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Rameau: Keyboard Works

Suites in E, G minor and A minor

Angela Hewitt (piano)


Hyperion CDA67597


Angela Hewitt needs no introduction in this repertoire; having finished her complete Bach on modern piano, she has moved on to Couperin..….. and Rameau.


In Bach, Hewitt's eminent reputation rests on an interpretative conservatism. She has a measured restraint that allows the different parts of the music to speak, without the intrusion of the characteristics of the modern piano. Fans will say this is the ideal balance between authenticity and modernity, taking advantage of the piano's colouristic possibilities to clarify detail and contrapuntal texture, without disturbing the poised stylisation of the eighteenth century. To doubters, Hewitt does not have the pianistic, technical stature of a Richter or a Gould, nor the interpretative depth of an Edwin Fischer or a Kovacevich.


In Rameau, Hewitt is on less contested ground; most will be glad simply to have the chance to hear these pieces. Even more than Couperin, however, Rameau brings specific interpretative issues of transfer to the piano; how dramatic should it be, and how prominent the ornaments? Hewitt is well known for scholarly introduction of her music; her booklet notes, however, read as if they betray a less personal commitment to the composer than in the case of Bach. For example, she treats the order of the pieces within each ‘suite' (they are not formally so described by Rameau) as a given, not as something prompted by printers' convenience.


Ultimately, I fail to hear what makes these Rameau interpretations special. The suite in E is restrained throughout; the Tambourin is outright timid in its drumming, the musette well crafted but unexpressive. In the later pieces, whether something obviously lively as La Poule, or a slower piece such as Les Triolets, there could surely be more energy; half the time it would appear Hewitt is going through the motions, safe in the knowledge the pieces are little known. For a very different view, try Frederick Haas on the harpsichord. This is Rameau very much played like Couperin, and very differently from Rameau the stage composer. As a short cut to a detailed comparison piece by piece just listen to Hewitt and Cherkassky in that Gavotte and variations.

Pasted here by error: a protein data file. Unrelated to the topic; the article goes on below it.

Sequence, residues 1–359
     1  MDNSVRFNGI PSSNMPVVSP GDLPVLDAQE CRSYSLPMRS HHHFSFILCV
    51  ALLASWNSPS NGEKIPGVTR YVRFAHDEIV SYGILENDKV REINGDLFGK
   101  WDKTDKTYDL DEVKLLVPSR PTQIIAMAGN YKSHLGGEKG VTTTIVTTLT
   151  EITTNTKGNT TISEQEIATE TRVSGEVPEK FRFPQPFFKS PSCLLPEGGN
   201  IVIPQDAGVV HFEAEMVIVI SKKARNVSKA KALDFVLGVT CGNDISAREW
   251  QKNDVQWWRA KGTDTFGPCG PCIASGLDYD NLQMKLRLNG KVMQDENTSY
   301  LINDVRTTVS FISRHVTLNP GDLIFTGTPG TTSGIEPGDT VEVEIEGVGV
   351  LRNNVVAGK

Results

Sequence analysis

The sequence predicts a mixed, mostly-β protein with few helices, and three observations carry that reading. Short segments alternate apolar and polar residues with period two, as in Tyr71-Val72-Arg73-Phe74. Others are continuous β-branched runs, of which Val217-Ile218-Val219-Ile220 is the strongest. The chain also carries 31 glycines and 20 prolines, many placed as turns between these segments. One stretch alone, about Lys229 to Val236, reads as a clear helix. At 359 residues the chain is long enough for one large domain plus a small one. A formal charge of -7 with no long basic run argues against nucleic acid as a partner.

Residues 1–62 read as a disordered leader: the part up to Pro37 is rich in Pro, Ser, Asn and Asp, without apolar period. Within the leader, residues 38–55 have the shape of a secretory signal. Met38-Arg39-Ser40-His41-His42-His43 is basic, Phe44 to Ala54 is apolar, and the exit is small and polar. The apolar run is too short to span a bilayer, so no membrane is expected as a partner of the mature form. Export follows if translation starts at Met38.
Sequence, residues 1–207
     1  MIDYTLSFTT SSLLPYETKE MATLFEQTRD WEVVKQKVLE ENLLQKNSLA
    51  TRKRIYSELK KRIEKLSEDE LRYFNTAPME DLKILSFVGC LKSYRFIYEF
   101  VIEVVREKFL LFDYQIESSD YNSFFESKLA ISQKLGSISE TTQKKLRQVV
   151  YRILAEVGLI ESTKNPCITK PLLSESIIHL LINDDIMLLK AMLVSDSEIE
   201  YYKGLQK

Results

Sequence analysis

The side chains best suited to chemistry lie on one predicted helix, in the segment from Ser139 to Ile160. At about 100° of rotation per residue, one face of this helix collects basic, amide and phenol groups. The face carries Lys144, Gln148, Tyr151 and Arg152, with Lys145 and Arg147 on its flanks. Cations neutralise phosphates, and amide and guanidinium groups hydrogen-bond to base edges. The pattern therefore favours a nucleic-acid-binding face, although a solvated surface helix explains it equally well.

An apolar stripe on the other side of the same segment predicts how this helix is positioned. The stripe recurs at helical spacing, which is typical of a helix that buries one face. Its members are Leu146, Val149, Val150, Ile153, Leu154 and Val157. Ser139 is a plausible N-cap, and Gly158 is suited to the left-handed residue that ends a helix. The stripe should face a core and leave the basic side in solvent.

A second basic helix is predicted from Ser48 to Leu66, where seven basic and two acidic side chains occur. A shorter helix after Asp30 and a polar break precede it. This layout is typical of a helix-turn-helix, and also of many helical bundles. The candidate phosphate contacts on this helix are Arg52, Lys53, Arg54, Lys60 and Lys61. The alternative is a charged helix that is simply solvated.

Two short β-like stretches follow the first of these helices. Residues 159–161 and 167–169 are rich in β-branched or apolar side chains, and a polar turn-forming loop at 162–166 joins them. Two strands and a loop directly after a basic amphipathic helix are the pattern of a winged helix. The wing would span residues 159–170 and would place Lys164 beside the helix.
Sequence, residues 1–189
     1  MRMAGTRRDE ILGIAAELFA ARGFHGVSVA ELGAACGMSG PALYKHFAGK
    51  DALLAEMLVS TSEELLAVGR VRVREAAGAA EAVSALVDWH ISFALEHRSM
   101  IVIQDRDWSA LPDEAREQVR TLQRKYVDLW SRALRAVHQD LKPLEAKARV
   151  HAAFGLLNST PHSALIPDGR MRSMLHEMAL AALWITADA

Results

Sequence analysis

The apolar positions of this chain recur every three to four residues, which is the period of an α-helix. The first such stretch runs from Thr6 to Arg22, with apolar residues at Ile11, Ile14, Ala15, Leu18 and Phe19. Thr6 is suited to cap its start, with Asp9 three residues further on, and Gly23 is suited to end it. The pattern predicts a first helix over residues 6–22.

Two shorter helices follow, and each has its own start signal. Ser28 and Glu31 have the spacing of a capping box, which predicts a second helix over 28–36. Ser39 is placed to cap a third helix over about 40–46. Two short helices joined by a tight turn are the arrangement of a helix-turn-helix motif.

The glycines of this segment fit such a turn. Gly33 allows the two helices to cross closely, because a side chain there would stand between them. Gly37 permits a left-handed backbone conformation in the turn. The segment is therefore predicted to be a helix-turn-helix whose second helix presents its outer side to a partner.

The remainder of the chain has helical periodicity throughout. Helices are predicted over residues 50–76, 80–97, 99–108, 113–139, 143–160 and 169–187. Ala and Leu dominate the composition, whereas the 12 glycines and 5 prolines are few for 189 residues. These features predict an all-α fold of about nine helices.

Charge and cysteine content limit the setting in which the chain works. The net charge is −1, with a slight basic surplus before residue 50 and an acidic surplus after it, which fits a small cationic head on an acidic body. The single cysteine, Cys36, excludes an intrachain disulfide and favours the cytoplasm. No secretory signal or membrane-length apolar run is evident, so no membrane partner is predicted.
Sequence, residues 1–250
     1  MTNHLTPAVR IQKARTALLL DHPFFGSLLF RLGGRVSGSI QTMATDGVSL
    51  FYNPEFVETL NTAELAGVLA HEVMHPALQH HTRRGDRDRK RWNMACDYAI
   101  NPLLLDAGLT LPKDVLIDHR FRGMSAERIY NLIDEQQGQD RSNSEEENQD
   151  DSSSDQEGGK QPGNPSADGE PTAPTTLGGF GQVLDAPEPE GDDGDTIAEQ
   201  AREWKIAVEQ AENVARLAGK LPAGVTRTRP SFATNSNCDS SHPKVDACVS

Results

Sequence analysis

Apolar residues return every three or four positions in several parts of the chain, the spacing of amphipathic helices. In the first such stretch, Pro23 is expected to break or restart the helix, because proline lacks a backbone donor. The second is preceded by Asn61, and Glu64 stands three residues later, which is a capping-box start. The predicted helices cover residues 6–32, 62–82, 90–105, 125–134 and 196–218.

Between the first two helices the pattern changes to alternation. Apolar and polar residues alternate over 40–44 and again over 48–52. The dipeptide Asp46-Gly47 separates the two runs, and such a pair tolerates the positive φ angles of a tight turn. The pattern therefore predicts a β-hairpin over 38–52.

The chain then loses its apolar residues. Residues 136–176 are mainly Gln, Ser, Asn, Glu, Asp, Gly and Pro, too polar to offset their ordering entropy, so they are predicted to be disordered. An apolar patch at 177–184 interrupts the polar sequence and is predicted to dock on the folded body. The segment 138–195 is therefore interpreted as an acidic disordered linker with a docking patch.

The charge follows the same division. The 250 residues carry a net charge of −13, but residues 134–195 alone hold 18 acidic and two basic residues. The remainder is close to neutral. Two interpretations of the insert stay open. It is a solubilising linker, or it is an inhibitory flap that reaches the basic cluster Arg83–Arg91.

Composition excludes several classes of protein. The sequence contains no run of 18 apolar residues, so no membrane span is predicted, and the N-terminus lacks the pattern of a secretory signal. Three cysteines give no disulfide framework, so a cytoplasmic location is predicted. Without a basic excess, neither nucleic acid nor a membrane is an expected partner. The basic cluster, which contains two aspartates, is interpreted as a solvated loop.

To her admirers, who include most critics, Angela Hewitt can do no wrong; she is the ideal interpreter of baroque music, her sense of poise and balance perfect for the repertoire. To her detractors, who include many practising musicians, there is a whiff of ‘Emperor's New Clothes' about her playing, her technical limitations concealed and the beauty of her sound augmented by the flattering Fazioli pianos she always plays. Nothing on this disc will change the mind of anyone who holds either position.


Rameau has a distinguished, but not long, list of advocates on the modern piano. Above all Marcelle Meyer in the fifties (French EMI), and Alexander Tharaud's recent. meticulously researched recording for Harmonia Mundi, but a number of legendary artists (Cziffra, Casadesus, Sokolov) have also cherry-picked pieces notable for their pianistic qualities. The recent Cherkassky BBC Legends disc (BBCL41852), a largely miraculous recital marred only by a sloppy Chopin 2nd scherzo, contains a relaxed, unashamedly emotional and virtuosic account of the absolute jewel in the Rameau repertoire's crown, the ‘Gavotte and 6 Doubles.'


I have seen a review that speaks of Hewitt conveying the sense of tragedy inherent in Rameau, and indeed in the Ancien Regime. Others will find this disc simply too insipid. If you like Hewitt, you'll love this, and if not, not.


Ying Chang

See Hewitt in Couperin [Editor]